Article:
Richard joins CP24 anchor Kelly Linehan to have a look at the weekend’s new movies including “How to Train Your Dragon: the Hidden World” and the charming “Fighting With My Family” and German Oscar contender “Never Look Away.”
Richard sits in with CTV NewsChannel anchor Jennifer Burke to have a look at the weekend’s big releases including “How to Train Your Dragon: the Hidden World” and the charming “Fighting With My Family” and German Oscar contender “Never Look Away.”
Richard has a look at the fourth season of “Pop Life” and three new movies coming to theatres, “How to Train Your Dragon: the Hidden World,” the charming “Fighting With My Family” and the German Oscar nominee “Never Look Away” with CFRA Morning Rush guest host Matt Harris.
A weekly feature from from ctvnews.ca! The Crouse Review is a quick, hot take on the weekend’s biggest movies! This week Richard looks at the further adventures of Hiccup and Toothless in “How to Train Your Dragon: The Hidden World,” the real life story of “Fighting With My Family” and the German Oscar nominee “Never Look Away.”
Everyone knows wrestling is fixed, stage for p ure entertainment, but behind the costumes, the death matches and the five moves of doom are real people. “Fighting with My Family,” a new comedy written and directed by Stephen Merchant, dropkicks one real life story from the ring to the big screen.
Norwich England native Saraya-Jade Bevis (Florence Pugh) comes from a wrestling family. Her parents Ricky (Nick Frost) and Julia (Lena Headey) a.k.a. Rowdy Ricky and Sweet Saraya and siblings all throw down in the ring. When WWE trainer Hutch Morgan (Vince Vaughn) offers Saraya-Jade, known as Britani, and brother Zodiac Zak (Jack Lowden) a chance to audition it looks like they’re on the verge of going big time.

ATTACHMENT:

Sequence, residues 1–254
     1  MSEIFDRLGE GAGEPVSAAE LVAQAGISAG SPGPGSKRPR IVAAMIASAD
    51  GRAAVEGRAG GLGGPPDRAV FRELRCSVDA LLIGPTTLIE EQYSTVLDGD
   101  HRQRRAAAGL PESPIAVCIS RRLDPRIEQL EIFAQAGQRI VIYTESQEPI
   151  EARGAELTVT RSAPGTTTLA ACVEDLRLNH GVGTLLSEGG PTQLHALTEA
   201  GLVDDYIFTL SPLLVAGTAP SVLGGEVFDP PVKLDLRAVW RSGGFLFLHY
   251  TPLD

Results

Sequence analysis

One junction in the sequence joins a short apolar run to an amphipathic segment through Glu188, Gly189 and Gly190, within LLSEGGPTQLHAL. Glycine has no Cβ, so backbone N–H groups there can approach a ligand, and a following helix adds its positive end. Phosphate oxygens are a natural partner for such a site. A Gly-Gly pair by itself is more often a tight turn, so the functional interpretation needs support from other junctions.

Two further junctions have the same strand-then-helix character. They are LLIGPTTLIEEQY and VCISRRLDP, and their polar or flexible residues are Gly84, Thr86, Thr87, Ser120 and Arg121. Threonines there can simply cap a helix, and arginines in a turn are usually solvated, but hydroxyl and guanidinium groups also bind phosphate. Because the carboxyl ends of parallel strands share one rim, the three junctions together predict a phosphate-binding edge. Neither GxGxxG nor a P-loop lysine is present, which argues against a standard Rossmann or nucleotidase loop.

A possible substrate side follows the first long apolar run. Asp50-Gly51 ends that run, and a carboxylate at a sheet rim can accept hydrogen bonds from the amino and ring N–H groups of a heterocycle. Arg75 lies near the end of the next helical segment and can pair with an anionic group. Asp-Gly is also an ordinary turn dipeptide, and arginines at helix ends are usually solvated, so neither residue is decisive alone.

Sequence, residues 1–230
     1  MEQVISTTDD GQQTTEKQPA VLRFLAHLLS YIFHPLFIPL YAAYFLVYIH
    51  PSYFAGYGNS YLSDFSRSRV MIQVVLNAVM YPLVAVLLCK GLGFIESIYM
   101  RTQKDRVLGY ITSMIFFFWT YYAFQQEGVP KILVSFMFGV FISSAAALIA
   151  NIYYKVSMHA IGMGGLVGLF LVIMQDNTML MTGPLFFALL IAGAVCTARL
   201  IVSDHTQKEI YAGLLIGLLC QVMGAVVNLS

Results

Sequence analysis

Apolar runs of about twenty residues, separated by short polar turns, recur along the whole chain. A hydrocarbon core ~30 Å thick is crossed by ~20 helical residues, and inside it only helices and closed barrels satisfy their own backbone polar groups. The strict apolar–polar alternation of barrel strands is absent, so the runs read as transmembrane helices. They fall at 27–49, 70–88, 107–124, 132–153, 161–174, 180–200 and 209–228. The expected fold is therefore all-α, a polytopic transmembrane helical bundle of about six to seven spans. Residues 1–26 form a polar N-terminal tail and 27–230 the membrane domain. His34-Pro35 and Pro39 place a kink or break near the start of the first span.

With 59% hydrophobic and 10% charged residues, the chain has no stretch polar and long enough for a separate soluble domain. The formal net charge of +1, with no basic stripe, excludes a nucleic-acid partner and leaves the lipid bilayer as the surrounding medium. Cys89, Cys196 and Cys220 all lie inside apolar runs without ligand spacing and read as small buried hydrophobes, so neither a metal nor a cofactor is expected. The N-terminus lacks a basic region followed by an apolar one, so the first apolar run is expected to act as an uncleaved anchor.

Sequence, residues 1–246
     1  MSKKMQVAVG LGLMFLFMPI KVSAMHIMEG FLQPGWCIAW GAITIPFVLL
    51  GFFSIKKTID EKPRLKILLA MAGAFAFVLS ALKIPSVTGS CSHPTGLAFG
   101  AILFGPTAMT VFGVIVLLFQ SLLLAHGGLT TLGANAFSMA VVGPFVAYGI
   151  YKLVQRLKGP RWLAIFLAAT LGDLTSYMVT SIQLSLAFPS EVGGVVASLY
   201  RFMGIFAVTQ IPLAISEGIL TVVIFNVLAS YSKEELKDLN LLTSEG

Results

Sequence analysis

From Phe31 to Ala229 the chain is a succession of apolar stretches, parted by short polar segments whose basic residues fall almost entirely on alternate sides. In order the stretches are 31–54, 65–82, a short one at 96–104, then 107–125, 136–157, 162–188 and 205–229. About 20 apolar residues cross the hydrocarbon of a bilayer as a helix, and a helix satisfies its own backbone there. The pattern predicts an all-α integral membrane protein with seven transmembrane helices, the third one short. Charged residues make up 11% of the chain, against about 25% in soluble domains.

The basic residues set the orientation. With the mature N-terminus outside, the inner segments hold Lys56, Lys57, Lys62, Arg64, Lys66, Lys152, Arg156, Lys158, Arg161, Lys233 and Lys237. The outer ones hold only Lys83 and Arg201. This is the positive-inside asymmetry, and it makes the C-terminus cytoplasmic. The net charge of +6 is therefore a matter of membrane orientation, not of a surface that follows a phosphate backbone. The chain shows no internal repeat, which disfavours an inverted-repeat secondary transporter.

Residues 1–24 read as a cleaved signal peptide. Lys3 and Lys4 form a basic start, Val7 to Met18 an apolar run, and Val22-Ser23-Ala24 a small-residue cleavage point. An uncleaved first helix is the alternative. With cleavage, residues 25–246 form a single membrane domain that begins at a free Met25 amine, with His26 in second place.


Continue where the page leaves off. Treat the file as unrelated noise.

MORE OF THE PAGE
Well, at least one of them is.
After receiving some backstage advice from The Rock (who is also a producer on the film) and trying out, Hutch only calls one name, Saraya-Jade. Switching her name to the more American sounding Paige (inspired by the Rose McGowan character on “Charmed”) she begins in a training camp in Orlando where she will be assessed to see if she has the right stuff for the WWE. She’s an outsider who must fight for every win, both in and out of the ring. “Don’t worry about being the next me,” Says The Rock. “Be the first you.”
There are suplexes, trash talk galore, likeable actors like Nick Frost Lena Hadley and Vince Vaughn but it isn’t the wrestling moves and sports movie clichés that sell this movie. It’s the film’s beating heart, Florence Pugh, who plays Paige as a mix of empathy, ambition and self-doubt. Her path is a difficult one, from her brother’s jealousy to American audiences taunting her because of her jet-black hair, English accent and piercings. “Come on Ozzy Osbourne! Sing something!” We’ve seen this underdog character before, but by the time she says, “I am a freak. This belongs to the misfits who don’t belong,” it’s hard not to call a TKO on Pugh’s performance.
“Fighting with My Family” is about wrestling but like all good sports movies it isn’t just about what happens in the inevitable game or match at the end of the picture. It is a more universal story about outcasts who create community through sport and heart combined with the kind of “soap opera in spandex” storytelling that has made wrestling so popular.